380 Investigation of Multi-decadal Trends in Aerosol Direct Radiative Effect from Anthropogenic Emission Changes over North America and their effects on air quality by Using a Two-way Coupled Meteorology-chemistry Model

Monday, 7 January 2013
Exhibit Hall 3 (Austin Convention Center)
Chao Wei, EPA, Research Triangle Park, NC; and J. Pleim, R. Mathur, D. Wong, J. Xing, C. M. Gan, S. T. Rao, and F. Binkowski

The complex feedback mechanisms among chemistry-aerosol-cloud-radiation-climate exist ubiquitously in the Earth system. While aerosol radiative effects have been recognized as some of the largest sources of uncertainty among the forcers of climate change, there has been little effort devoted to verification of the spatial and temporal variability of the magnitude and directionality of aerosol radiative forcing. A comprehensive investigation of the processes regulating aerosol distributions, their optical properties, and their radiative effects from past and current human activities will help us to build more confidence in the estimates of the projected impacts from changes in anthropogenic forcing and climate change. This study addresses this issue through a systematic investigation of changes in anthropogenic emissions of short-lived aerosol-precursors over the past two decades (1990–2010) in the United States, their impacts on aerosol loading in North America, and subsequent impacts on regional radiation budgets. During this period, U.S. emissions of pollutants have had dramatic changes and significant decadal brightening of downwelling shortwave has been observed in the continental United States. In this study we test the hypothesis that changes in surface solar radiation over time are caused by the changing patterns of anthropogenic emissions of aerosols and aerosol precursors.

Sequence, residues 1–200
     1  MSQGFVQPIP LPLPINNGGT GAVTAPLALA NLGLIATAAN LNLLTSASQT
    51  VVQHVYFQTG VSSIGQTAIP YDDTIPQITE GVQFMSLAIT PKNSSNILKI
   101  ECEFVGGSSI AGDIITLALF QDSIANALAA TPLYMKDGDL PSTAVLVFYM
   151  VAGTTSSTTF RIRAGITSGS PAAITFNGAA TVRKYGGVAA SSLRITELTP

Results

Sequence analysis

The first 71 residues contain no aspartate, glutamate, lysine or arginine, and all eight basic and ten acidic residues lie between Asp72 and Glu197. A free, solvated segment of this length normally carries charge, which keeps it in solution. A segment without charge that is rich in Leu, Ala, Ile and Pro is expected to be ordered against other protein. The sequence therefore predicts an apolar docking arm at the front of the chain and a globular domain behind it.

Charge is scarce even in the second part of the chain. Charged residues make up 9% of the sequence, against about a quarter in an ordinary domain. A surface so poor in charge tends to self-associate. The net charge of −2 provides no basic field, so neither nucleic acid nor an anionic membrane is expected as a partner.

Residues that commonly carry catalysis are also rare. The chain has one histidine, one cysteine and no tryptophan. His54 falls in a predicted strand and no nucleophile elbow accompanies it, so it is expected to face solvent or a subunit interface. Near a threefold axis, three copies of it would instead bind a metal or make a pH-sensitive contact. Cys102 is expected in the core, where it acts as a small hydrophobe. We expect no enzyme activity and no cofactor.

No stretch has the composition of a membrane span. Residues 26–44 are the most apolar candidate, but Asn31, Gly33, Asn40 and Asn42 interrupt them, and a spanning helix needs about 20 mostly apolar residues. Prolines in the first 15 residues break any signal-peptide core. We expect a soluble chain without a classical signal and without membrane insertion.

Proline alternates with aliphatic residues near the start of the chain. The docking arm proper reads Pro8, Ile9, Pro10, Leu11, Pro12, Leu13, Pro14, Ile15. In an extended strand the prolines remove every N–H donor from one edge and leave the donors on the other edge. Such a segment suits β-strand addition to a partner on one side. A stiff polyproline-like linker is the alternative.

A newly developed two-way coupled meteorology and air quality model composed of the Weather Research and Forecasting (WRF) model and the Community Multiscale Air Quality (CMAQ) model is being run for 20 years (1990–2010) on a 12-km resolution grid that covers most of North America. A newly developed 20-years emission inventory is used in order to accurately reflect the emission trends resulting from progressively more stringent air quality regulations as well as population trends, economic conditions, and technology changes in motor vehicles and electric power generation. The direct effects of aerosols on SW radiation are considered in this WRF/CMAQ model. New algorithms for the calculation of aerosol optical properties and radiation have been developed considering both computational efficiency and more realistic aerosol states. Preliminary model simulations for 1990 and 2006 are being evaluated both for their performance in comparison to observed concentrations and simulation of observed trends in concentrations and surface radiation. Many important factors for the photochemical cycle in planetary boundary layer (PBL), such as temperature, PBL height, photolysis rate, etc., will be affected by the direct effects of aerosols. Thus, the influence of aerosol direct effects on air quality will be investigated in this study. Aerosol mixing state is a key factor for the calculations of aerosol optical properties and will be investigated in this study. A more realistic core-shell model will be tested to demonstrate the uncertainties in the treatment of aerosols in this study. How to constrain a regional climate model for a long-time-period simulation (e.g. decades) in order to get more reasonable results is a challenge. Different nudging strategies on atmosphere and soil will also be compared in this study.

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